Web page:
Traveling between Copenhagen and Hamburg is a relatively short journey with plenty of options available. Planes, buses, cars and trains all serve the route. The rail link is unique, however, in that the train rolls on to a ferry, spends an hour crossing the Femer Baelt between Rødbyhavn and Puttgarden, and then rolls off again. It is an exceptional travel experience slated to disappear forever at the end of this year.
On board this cute three-car set from @omDSB, headed to Hamburg. First class, second class, and beer class seating available on board. pic.twitter.com/RmkyBbgNTU
— Seth Miller (@WandrMe) March 30, 2019
We boarded the train in Nykøbing F, the furthest north we could start the ride (it is no longer a single seat all the way to Copenhagen; see more on that below). At that point we were two of only a (literal) handful of passengers on board. The train filled up as we made a couple additional stops headed to the port, but it was not overwhelming the day we made the trip.
Less than an hour later we approached Rødbyhavn and our transition from terrestrial to aquatic travels. As the train nears the port it slows, waiting to slot in between the cars that ride on the same deck of the ship.
Tracks are set within the ferry to ease the process and it is one that is well practiced by the crew, running several times each day. Still, there is something surreal about looking out the window of the train and seeing trucks so close, all entering the same ship together.
Once on board travelers are required to leave the train. It is a safety precaution to make sure you’re not below decks should an incident occur. And so we took our beer topside for some sun and relaxation on the crossing.
We enjoyed the early spring sun and watched Denmark disappear behind us.
Planes passed overhead in the clear blue skies.
Some plane spotting action top side on the ferry. That’s @HainanAirlines headed back to China from Paris. 👋✈️ #avgeek pic.twitter.com/hor2FqY5Xx
— Seth Miller (@WandrMe) March 30, 2019
We certainly were lucky with the weather that afternoon.
As we approached the German port it was back down to the train to prepare for our disembarkation. Just as smoothly as we rolled on to the ferry we rolled off again, now in a new country. As we’d crossed the border we awaited the arrival of immigration officers at the next station, just off the ferry. They walked through the three-car train quickly and then we resumed the trip to Hamburg.
Catching a ride
Generally speaking it is an easy trip to book online via the German Rail’s website. Fares will vary but they are generally reasonable so long as you book in advance; I paid ~$35/person for our crossing, far less than the walk-up pricing.
When reviewing the options available note that the site will also show the routings that do not include the ferry. Expand the details of your desired trip and make sure it includes the Puttgarden border crossing option to get the ferry ride. A border crossing at Flensburg means you’re not taking the ferry.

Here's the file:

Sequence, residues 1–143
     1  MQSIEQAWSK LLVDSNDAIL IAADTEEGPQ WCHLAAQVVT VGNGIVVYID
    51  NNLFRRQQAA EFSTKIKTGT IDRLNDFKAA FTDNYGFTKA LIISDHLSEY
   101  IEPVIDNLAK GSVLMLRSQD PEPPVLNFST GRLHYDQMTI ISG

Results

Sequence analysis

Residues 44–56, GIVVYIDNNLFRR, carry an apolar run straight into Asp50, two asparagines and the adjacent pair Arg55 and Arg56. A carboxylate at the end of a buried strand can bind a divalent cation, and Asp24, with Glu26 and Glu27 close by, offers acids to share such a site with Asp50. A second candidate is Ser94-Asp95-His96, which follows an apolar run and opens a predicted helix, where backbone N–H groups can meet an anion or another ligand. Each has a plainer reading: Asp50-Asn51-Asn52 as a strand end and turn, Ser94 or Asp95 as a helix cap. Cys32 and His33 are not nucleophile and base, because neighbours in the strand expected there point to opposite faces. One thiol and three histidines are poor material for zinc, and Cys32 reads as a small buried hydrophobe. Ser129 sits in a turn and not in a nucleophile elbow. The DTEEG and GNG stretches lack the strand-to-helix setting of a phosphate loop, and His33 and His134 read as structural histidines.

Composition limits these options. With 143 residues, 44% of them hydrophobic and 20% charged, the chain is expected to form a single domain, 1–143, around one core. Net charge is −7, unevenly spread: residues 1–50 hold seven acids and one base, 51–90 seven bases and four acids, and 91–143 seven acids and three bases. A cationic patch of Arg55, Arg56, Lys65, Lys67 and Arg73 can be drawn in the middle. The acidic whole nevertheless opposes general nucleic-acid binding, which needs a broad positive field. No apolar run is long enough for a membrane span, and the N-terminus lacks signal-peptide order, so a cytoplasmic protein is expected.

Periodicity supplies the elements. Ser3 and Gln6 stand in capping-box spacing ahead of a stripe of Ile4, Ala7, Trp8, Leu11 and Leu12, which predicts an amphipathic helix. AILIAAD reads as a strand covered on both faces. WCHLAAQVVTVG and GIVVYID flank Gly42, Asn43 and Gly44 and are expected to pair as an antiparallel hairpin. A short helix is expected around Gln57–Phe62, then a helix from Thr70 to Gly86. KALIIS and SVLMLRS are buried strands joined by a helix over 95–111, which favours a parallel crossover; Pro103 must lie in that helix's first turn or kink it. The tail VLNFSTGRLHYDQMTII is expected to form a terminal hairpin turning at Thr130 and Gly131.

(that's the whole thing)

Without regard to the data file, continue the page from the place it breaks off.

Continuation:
The tracks between Copenhagen and Rødbyhavn are already being upgraded for future, high speed services. This means a replacement bus or rerouting to get to the port terminals where the ferry train runs. That adds time to the trip but it is still worthwhile.
Unlike many longer train trips in Europe there is not a dining option on board the train. Stock up at the grocery in Hamburg or Copenhagen (including a few beers) to make sure that you’re well supplied for the journey.
Not much longer…
The train portion of the trip is a relatively normal European intercity experience. The train set used for the trip today is an older set of cars from the Danish rail service; the prior generation of nicer German trains that used to operate the route no longer run. That’s just one sign of the route’s imminent demise.
Yup from the December timetable change. The trains will be diverted to run via Jutland and on to Hamburg, bypassing the ferry. When the Fehmarn tunnel opens the trains will return to their original route, using the new tunnel.
— Simon Andersen (@jegerpizza) March 30, 2019
A newer routing that spends more time on land rather than running via the ferry is already in service. Search results for trips between the two cities will often favor the route without the ferry; it is faster now, even though it is a longer total distance. And the Fehmarn Belt Fixed Link tunnel is planned for connecting Rødbyhavn and Puttgarden. Soon there will be no need for the ferry at all in this area. When the tunnel opens it will include rail service as well as roadways. It is a massive project, filled with superlatives:
- World’s longest immersed tunnel
- World’s longest combined road and rail tunnel
- World’s longest under water tunnel for road
- Deepest immersed tunnel with road and rail traffic
- Second deepest concrete immersed tunnel
To that end, the rail service will halt with the December 2019 schedule changes. The trains will no longer ride on the ferry. The time is now to catch this rare transit experience while it is still running.
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My family has taken this before, but I didn’t realize it’s to end this year. Will have to do this one last time for the memories.
How have I never heard of this before! Thanks for posting this. I’ve got a Europe trip next month where I’m flying back from CPH and was just looking at positioning flights there from Eastern Europe….looks like I may now be booking a flight to Hamburg and doing this instead!
Very cool Seth.
Damn. I didn’t know that was ending. A real shame. The train onto a ferry experience was incredible.
There’s still a similar journey during the summer from Berlin to Malmo in Sweden. It’s a sleeper service that spends 4 hours on a ferry. Guests have the option to stay on the train or explore the ship. Great way to save on a night’s accommodation when I was Interrailing some years ago.
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